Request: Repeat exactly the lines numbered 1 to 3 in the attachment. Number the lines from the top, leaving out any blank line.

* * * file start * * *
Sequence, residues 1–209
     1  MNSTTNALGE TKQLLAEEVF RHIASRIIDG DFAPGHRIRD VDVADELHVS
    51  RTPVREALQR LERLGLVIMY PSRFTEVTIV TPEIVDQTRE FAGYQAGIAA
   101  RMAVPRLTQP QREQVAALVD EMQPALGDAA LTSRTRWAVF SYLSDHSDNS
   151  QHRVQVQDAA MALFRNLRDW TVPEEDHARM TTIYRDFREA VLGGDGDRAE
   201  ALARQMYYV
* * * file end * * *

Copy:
Sequence, residues 1–209
     1  MNSTTNALGE TKQLLAEEVF RHIASRIIDG DFAPGHRIRD VDVADELHVS
    51  RTPVREALQR LERLGLVIMY PSRFTEVTIV TPEIVDQTRE FAGYQAGIAA